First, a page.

YouGov survey suggests May's Conservatives could lose majority

Odds on Labour Winning the UK General Election are Dropping!

The research showed a two-point rise for the Labour over the past week, which means the party has narrowed the Tories' lead in the polls by more than 13 points since the start of the campaign, the Guardian reported.

Campaigning in the city of Bath in England's West Country, May was asked about the YouGov poll which dominated the front page of the Times newspaper in London.

That is because markets initially pencilled in an increased Conservative majority - strengthening the Prime Minister's hand politically as she prepares for Brexit negotiations.

"While Labour's tax and spending plans are unlikely to win any friends in the financial sector, the party's more sanguine stance towards striking a trade deal during the Brexit negotiations might find common ground with some City grandees", she wrote.

YouGov's analysis puts the Tories on 310 seats, down from the 330 they went into the election campaign with, and 16 short of a majority.

The findings again weakened sterling GBP=D4 which had earlier fallen nearly a cent against the USA dollar on the YouGov model before rising on a Kantar poll which showed May's lead had increased to 10 percentage points.

A YouGov opinion poll on Wednesday showed the Conservatives' lead for the June 8 election had fallen to a fresh low of 3 percent. Labour is on 39 percent, up three points and its highest level since 2014, before Jeremy Corbyn became party leader.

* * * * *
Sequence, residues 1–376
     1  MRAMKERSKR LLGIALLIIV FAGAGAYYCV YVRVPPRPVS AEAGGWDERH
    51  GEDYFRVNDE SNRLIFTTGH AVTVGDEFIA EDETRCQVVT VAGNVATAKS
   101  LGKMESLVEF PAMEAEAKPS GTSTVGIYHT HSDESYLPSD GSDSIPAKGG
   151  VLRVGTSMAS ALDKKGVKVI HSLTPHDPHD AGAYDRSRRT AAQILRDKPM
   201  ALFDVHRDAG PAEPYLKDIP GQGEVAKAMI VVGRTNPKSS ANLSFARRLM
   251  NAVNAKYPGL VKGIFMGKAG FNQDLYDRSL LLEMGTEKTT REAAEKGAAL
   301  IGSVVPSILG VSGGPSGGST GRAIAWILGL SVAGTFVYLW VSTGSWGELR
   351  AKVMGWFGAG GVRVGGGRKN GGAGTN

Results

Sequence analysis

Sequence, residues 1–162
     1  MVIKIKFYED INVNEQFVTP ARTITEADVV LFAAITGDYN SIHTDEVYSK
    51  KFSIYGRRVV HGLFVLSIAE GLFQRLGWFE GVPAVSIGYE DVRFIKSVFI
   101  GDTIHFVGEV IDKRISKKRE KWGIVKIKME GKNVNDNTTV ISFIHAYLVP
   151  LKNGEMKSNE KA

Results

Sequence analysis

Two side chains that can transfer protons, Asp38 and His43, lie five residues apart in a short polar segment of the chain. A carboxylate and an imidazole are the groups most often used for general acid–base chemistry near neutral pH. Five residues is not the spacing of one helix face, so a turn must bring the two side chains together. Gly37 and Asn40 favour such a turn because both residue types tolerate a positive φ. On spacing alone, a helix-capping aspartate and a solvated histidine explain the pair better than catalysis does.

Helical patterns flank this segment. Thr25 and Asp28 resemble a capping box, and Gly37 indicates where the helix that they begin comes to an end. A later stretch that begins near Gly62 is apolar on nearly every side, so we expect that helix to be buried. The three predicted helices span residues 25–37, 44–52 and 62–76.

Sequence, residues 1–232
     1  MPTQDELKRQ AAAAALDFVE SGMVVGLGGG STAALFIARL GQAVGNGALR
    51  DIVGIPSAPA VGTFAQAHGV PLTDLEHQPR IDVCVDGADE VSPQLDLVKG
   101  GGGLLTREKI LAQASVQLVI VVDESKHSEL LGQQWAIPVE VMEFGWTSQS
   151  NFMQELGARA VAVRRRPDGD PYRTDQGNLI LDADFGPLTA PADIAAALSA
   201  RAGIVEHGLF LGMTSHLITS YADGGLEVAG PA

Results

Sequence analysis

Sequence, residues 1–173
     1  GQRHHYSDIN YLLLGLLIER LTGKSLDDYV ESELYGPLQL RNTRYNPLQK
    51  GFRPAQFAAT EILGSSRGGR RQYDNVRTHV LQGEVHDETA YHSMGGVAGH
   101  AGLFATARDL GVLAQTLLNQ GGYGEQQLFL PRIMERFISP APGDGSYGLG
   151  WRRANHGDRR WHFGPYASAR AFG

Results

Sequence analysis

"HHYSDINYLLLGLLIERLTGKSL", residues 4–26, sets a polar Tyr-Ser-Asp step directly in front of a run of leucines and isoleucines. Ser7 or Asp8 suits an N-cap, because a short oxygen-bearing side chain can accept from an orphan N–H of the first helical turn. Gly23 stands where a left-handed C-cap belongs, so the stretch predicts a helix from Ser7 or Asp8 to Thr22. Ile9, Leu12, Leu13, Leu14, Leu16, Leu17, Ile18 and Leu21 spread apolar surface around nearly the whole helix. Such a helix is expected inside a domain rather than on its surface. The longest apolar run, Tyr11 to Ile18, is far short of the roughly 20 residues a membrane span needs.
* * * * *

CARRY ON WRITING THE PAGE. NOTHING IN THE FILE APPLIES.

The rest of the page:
In contrast to YouGov's model, other projections suggested May would win soundly.

When asked by a reporter if she would resign if she lost seats, May dodged the question on Wednesday, saying that the only poll that mattered was the election on June 8.

The poll indicated the Tories could lose 20 of the 330 seats they hold, and Jeremy Corbyn's Labour gain almost 30 MPs. May could actually lose seats on her party's 2015 General Election results, dealing a massive blow to her and her ability to negotiate on a Brexit deal in the immediate aftermath of the election.

"We shouldn't write off the thought that young people will turn out for this election (in large numbers) - but I think it's unlikely", Boon said.

Last night, Theresa May and Jeremy Corbyn took part in a televised interview with Jeremy Paxman, who quizzed the PM particularly about the U-turn on social care.

Labour would get 257 seats, up from 229, the Liberal Democrats 10, up from the nine Tim Farron's party held when the election was called, the SNP 50, the Greens one and Plaid Cymru three.

YouGov's chief executive, Stephan Shakespeare told The Times that the model used on this latest poll had been tested before the European Union referendum a year ago when it consistently put the Leave campaign in the lead.

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